Who is the villain? Your partner? Or you?

Every one of us makes decisions based on our own pain or pleasure.  Ultimately, you are always either running from pain or striving for pleasure. However, more people make decisions in an effort to avoid pain rather than to gain pleasure.  For example—maybe you want to lose weight, but it is fueled by the pain of how others perceive you, rather than the joy of feeling healthier.  Or maybe you stay up all night to preparing for a presentation—you are more likely to put the work in to avoid getting fired, rather than the pleasure of getting to show off your skills. 

Get the picture?

Simple but true, and a really interesting area of human behavior.  The fact of the matter is, if we all took the time to assess the potential benefits and consequences of our actions,  we’d be able to make better decisions in the moment. 

Let’s take a deeper look at this topic.

I read articles all the time by top relationship coaches that have headlines like “Text Her THIS to Win Her Back!”  Or “Discover What Your Man REALLY Desires.”  Or my personal favorite—“Living With A Narcissist.” While they might have some insightful content, this advice will NOT help you create stability or build a long-lasting relationship.

Instead of putting a catchy-sounding bandaid on your patterns of destructive behavior, take serious action steps to build a strong, loving relationship.

The first step is to stop passing blame and take responsibility for your own personal fulfillment. Look again at the headlines above.  Notice they are all focused on your partner—not yourself.  You must BECOME someone who YOU would want to have a relationship with.  

For most people, the initial litmus test is physical attraction. Not a bad thing, but it can’t sustain a relationship. From that point, there is very little framework for building this most important partnership. 

WHY NOT? Why not play it out in your mind’s eye to see what will happen if this goes bad?  What pain and destruction could it cause? When you’re dating someone new,  why not take every step possible to fireproof your courtship?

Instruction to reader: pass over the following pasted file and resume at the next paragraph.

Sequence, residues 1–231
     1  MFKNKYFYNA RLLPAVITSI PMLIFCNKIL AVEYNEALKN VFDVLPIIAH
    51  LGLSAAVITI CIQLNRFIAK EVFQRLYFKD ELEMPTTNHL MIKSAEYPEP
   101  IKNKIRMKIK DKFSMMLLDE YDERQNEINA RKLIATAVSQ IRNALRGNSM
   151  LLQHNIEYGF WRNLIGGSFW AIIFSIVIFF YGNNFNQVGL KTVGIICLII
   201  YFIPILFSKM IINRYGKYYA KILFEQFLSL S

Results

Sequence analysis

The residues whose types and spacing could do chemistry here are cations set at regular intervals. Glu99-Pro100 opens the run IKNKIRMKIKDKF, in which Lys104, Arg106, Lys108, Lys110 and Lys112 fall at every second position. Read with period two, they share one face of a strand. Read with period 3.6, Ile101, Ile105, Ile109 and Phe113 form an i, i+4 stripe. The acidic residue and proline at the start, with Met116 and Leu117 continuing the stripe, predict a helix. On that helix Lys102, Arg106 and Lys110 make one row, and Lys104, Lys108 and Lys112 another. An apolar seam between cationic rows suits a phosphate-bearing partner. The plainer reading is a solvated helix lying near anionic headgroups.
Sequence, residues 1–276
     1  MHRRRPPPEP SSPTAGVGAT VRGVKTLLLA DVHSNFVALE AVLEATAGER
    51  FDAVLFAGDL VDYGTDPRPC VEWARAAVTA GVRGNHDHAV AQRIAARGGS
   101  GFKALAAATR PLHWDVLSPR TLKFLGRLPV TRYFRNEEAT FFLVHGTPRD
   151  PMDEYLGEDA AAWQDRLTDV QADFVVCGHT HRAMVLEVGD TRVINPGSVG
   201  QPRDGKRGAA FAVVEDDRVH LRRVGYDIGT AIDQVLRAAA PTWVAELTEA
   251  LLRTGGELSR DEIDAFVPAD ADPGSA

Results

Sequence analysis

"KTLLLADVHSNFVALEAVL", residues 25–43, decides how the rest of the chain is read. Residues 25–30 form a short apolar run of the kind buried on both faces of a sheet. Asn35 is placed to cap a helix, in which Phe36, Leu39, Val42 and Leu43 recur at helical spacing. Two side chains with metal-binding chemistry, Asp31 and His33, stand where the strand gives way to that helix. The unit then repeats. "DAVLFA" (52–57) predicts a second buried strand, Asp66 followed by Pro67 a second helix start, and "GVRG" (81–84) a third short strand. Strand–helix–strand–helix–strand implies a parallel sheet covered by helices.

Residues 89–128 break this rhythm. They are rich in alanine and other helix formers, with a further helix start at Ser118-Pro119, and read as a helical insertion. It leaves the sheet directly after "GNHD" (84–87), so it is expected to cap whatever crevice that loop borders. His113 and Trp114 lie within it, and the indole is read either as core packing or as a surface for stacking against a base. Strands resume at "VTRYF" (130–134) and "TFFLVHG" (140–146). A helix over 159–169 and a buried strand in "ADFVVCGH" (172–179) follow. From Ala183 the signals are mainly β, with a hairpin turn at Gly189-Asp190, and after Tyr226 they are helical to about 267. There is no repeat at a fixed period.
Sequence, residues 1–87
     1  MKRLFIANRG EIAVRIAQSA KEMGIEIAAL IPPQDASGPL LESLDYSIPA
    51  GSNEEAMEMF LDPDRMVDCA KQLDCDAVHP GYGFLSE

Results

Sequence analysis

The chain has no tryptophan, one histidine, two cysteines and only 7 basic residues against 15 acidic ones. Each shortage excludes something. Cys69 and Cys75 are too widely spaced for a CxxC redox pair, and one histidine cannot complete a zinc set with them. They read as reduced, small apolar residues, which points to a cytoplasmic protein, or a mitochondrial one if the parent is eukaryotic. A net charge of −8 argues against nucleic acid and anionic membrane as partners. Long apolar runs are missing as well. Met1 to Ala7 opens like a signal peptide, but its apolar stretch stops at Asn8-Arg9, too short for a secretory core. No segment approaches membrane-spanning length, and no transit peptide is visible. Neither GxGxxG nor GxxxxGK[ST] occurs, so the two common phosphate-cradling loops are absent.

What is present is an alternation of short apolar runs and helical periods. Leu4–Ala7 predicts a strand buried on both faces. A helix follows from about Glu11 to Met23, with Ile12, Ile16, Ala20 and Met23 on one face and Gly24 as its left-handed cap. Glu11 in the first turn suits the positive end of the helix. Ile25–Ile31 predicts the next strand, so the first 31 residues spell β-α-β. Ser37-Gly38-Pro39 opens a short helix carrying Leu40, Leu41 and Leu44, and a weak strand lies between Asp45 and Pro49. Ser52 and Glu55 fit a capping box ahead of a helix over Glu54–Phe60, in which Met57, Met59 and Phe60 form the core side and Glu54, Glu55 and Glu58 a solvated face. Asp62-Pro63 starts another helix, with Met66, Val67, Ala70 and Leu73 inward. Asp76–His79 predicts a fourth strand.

Take responsibly and “know thyself”—independent of a relationship. Who are you? What drives you? What are you most passionate about, and what are you doing to attain it? 

This is a critical piece of the journey.  If you don’t have a dream you are running after, or a purpose you are living for, you are putting your potential partner in the unenviable position of having to become your “savior”—the single source of fulfillment in your life. And that is NOT sustainable.

Next: what are your personal core values? These should be your decision-makers and guardrails for life. Identify them and make certain they are authentic, and you know how they show up in your everyday life.  For example, if you hold health and wellness as core values, but your potential partner does not, you need to figure out how this might affect your life. If you are of a certain faith or hold a specific ideology that you want your partner to share, you need to suss that out in the early conversations, and hold firm to your beliefs if they do not align. DON’T TRY TO CHANGE SOMEONE. This is vital to the longevity of your partnership. 

Next, you need to identify the nonnegotiable attributes you are searching for in a partner.  This is another critical step in creating a healthy, long-lasting relationship. These are the absolutes that you MUST have in your future spouse. These may be things like generosity, faith, humility, humor, or communication skills. You should be able to list at least 5 attributes that represent the pillars of your future mate’s character. When you meet someone new, ensure you have meaningful conversations—not an interview, but organic, genuine dialogue—mining for these characteristics. This list should NOT contain things like height or eye color (unless you REALLY want to minimize your chances of meeting someone.)

Lastly, look at your own toolbox. How well do you communicate? Do you speak confidently and concisely? Or do you tend to “stir the pot,” or otherwise behave in an immature or insecure manner? Can you effectively resolve conflict when it occurs? Do you ask curious questions, or do you insert your opinions unnecessarily? These elements of self-growth are the foundation for building a healthy relationship.

If you don’t yet possess these qualities, consider hiring a coach, or look to relevant books, videos, or podcasts in order to educate yourself. But most of all, STOP blaming your partners for the problems in your relationships. Instead, look in the mirror and ask yourself if YOU have taken the proper action steps to find a suitable partner. When you put in the inner work, you will attract the right person, and will not tolerate anything less. 

Set the bar from the first meeting. Don’t become a statistic. 

Don’t let another day go by without having the right framework in place.  Find the love you have been looking for—reserve a FREE consultation today to begin your journey to self-mastery. Book yours at calendly.com/gemrevealed 

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